As shown in the table below, on August 31, twelve countries had annual inflation rates that exceeded 25 percent per year. Venezuela is hyperinflating and sits on top of the list with an annual inflation rate of 1,347 percent per year. Zimbabwe is second in my rogues’ gallery of inflation, with an annual inflation rate of 706 percent per year. Lebanon comes in third with an annual inflation rate of 337 percent per year. Lebanon is noteworthy because it entered the Hanke‐Krus World Hyperinflation Table in July, when it registered the 62nd episode of hyperinflation in history. At present, there are only two countries, Venezuela and Lebanon, that are suffering the ravages of hyperinflation.
With this column, I will begin a monthly review of the countries with the highest inflation rates. To qualify for inclusion on “Hanke’s Inflation Dashboard,” a country’s annual inflation rate must exceed 25 percent per year. That rate will be measured by me on the last day of the month. So, it will be a very current inflation measurement. I can make these timely measurements because I employ high‐frequency data coupled with a purchasing power parity (PPP) model that I developed when I measured Zimbabwe’s 2007-08 hyperinflation. For countries in which the annual inflation rate exceeds 25 percent per year, my measurements have proven to be accurate and reliable.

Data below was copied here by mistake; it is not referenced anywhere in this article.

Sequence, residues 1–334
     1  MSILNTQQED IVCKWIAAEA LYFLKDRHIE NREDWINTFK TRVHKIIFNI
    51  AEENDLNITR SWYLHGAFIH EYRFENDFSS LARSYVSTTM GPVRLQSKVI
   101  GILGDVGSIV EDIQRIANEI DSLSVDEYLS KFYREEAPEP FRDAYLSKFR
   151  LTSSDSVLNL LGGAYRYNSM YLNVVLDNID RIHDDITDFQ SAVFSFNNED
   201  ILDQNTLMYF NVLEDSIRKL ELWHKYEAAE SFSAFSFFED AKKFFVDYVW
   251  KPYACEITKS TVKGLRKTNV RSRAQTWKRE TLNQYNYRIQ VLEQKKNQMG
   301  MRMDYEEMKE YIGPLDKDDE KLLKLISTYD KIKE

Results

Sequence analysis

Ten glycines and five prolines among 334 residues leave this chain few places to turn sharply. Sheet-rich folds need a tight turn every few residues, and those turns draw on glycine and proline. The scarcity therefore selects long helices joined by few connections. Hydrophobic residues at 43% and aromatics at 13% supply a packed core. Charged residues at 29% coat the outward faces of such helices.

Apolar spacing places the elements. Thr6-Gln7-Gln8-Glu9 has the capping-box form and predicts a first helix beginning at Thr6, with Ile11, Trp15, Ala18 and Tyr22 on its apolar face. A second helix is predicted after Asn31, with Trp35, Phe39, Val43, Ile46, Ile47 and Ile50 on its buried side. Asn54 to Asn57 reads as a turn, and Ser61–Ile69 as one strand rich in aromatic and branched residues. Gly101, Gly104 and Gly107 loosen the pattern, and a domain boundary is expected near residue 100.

But, you may ask, why do we say that Lebanon is experiencing an episode of hyperinflation, but Zimbabwe is not? After all, the annual inflation rate in Zimbabwe is over twice the rate in Lebanon. What appears as an anomaly, is not. This is due to the way hyperinflation is defined and measured. A hyperinflation episode occurs when the monthly rate of inflation exceeds 50 percent per month for 30 consecutive days. Even though Zimbabwe’s annual inflation rate is quite elevated, its monthly rates have not been sufficiently high to have thrown Zimbabwe into yet another episode of hyperinflation.
Now, let us move from the top of the rogues’ gallery to the bottom. It is there that we find Turkey. By my measure, its annual inflation rate on August 31 was 27 percent. That rate is over twice as high as the official annual inflation rate for August. How could that be? For one thing, I employ high‐frequency data that allow me to make measurements on the last day of the month. Official measurements are not made on the last day of the month. So, different dates for measurement leave room for different rates. But, at these “low” double‐digit rates, those differences in the timing of measurements cannot explain the large gap between my measurements and those reported by the government. The biggest factor accounting for the difference in rates rests on the fact that the “basket” of goods used by the government to construct the consumer‐price index only includes 418 items. 418 may sound like a lot, but this basket still excludes thousands of other items that are bought and sold each day in Turkey. In contrast to the official basket, my purchasing‐power‐parity basket includes all goods, services, and assets that are exchanged in Turkey. This means that the PPP basket, the one I use, is a comprehensive, all‐inclusive basket. So, my inflation measure takes into account price changes for everything bought and sold in Turkey, not just those items bought and sold in the government’s basket.